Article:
The Importance of Writing You Focused Emails

By Kai • Get daily marketing tips for consultants here


You want to write your emails so that they're focused on the recipient, not focused on yourself.

When you write a 'you' focused email, you're writing an email focused on the other person in the conversation: the recipient, the person you're talking to.

When you write an 'I' focused email, you're writing an email that focuses on yourself and talks about yourself.

Review your emails to make sure that they're 'you' focused. As your emails become more focused on the recipient, then you'll see an increase in your reply rates.

Let’s take a look at a live teardown of an ‘I’ focused email so you could better learn how to write emails that speak to the recipient.

The "I" Focused Email

Let’s take a look at this email. This is a reproduction of an actual email that I received. It's an example of an "I" focused email:

Example Outreach Email

When we look at this email, we can see some good things… and some not so good things.

Good Things

  • Personalization — The email is (lightly) personalized with a personalized introduction sentence, the website URL in the subject bar, and the name of the recipient.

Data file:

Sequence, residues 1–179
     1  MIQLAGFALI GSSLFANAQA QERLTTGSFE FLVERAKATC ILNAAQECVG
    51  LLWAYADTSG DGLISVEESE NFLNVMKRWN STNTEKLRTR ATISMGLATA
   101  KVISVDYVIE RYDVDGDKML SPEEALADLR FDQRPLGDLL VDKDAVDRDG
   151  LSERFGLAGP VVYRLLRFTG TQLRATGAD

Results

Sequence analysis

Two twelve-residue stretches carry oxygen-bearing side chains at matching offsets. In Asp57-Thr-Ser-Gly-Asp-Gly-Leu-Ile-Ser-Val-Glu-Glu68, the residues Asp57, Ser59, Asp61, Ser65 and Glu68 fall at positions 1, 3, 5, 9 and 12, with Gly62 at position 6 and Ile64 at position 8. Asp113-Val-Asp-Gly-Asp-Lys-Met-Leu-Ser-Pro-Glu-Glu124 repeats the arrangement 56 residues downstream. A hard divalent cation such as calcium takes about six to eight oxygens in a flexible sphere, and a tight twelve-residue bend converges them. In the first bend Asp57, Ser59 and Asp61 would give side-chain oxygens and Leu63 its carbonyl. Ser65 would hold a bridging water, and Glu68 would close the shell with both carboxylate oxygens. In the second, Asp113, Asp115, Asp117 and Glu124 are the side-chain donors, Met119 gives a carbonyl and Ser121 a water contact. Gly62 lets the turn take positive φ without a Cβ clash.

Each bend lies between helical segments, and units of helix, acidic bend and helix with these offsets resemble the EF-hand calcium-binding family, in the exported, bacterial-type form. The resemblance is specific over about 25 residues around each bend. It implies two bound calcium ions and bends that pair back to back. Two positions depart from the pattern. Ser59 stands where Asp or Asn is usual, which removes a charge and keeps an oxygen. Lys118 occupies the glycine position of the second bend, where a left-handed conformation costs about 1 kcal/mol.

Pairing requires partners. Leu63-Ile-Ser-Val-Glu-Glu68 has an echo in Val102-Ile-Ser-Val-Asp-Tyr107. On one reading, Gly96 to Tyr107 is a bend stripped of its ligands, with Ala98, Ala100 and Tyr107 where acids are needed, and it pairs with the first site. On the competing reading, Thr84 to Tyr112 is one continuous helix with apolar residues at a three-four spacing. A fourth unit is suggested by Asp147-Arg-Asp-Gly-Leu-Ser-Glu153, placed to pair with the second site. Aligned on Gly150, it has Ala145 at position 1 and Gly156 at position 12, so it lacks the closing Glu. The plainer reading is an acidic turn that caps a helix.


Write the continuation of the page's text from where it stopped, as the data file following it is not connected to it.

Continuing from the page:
• Specific — The email is specific, talking about an expensive problem that a website owner cares about (getting more traffic).
  • Social Proof — The email shares social proof (a case-study) to let people have multiple ways to engage and sharing proof of the results they can generate.

All-in-all, not a terrible email.

However, the email is very “I” focused.

Let’s take a look at this again, highlighting all “I” focused sentences in red:

"I" Focus Highlighted

And again with all the ‘You’ focused sentences or fragments in green:

"You" Focused Highlights

You want to write your emails so that they're focused on the recipient, not focused on yourself.

When you write a 'you' focused email, you're writing an email focused on the other person in the conversation: the recipient, the person you're talking to.

When you write an 'I' focused email, you're writing an email that focuses on yourself and talks about yourself.

Review your emails to make sure that they're 'you' focused. As your emails become more focused on the recipient, then you'll see an increase in your reply rates.

Let’s take a look at a live teardown of an ‘I’ focused email so you could better learn how to write emails that speak to the recipient.

The "I" Focused Email

Let’s take a look at this email. This is a reproduction of an actual email that I received. It's an example of an "I" focused email:

Example Outreach Email

When we look at this email, we can see some good things… and some not so good things.